And today, I will be heading home sometime between 3 and 4pm today... its about time I too start enjoying the Ramadan slow down. Two weeks to France!!

(3 minutes later)

OK, need to do a PS here... I just hit "send" and published the above post and my mobile rang. It was the bank and a lady introduced herself and said she was from the bank and for security reasons can she confirm my ID. She asks me the usual "mothers maiden name" and my date of birth etc etc... She then asks me to confirm my country of birth and I said Australia. She then asks "are you traveling there today?"

I reply "um, no... I am at work..."

"Mr Clayton are you traveling there this weekend?"

"Um... no... not going until Christmas" I reply.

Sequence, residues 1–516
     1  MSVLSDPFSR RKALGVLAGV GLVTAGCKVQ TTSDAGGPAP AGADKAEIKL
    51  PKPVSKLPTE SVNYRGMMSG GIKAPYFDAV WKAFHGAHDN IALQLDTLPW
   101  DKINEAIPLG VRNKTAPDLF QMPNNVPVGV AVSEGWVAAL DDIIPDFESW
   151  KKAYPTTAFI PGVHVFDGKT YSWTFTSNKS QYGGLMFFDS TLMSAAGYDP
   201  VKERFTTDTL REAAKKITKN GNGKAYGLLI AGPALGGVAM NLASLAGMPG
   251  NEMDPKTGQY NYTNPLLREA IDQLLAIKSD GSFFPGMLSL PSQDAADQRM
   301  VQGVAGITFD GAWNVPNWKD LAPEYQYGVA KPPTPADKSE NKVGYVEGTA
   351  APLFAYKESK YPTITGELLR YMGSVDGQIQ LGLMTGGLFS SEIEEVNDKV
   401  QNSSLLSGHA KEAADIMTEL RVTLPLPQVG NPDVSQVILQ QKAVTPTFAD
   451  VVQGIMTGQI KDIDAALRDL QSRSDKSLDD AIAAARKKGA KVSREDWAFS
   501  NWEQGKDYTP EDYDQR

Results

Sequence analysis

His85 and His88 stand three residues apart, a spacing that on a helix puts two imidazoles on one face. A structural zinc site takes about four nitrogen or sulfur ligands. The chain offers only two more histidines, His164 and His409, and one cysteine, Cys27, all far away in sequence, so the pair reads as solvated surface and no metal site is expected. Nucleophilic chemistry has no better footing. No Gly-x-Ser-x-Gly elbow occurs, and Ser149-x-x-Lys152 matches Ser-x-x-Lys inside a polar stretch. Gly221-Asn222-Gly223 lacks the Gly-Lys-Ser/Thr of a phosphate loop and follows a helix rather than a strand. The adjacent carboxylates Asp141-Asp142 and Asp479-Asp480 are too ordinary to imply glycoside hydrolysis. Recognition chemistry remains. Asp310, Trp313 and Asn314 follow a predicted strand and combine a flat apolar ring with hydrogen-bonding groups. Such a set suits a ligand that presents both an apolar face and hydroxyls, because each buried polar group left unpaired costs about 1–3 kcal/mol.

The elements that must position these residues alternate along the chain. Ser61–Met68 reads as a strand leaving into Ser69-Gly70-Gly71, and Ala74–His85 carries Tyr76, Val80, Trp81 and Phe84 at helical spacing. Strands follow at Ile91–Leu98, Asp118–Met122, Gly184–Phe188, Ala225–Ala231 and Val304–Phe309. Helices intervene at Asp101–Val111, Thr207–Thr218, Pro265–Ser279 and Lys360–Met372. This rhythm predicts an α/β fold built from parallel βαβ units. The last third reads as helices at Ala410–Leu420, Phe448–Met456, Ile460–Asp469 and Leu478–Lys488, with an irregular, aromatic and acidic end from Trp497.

"OK, thank you sir." and she then hangs up.

What was the point of the call? Why did she ring me?

That my dear readers is one of life's quirky UAE moments....

Wednesday, August 11, 2010

Ramadan Kareem!

Well, Ramadan has started once again!  Its a funny time here when Ramadan is on... its a period of religious reflection and in a country that is governed by religion, then it impacts EVERYTHING.  Work, shopping, dining out, driving and socialising in general are all affected.

The rules of Ramadan are this:

1. No eating or drinking, even of water in the daylight hours (this is particularly tough given its summer and temps are 45-50 degrees celcius)
2. No smoking, chewing gum or any other item that goes in the mouth again in daylight hours
3. Work hours are reduced and knock off time (for those observing Ramadan) is 3pm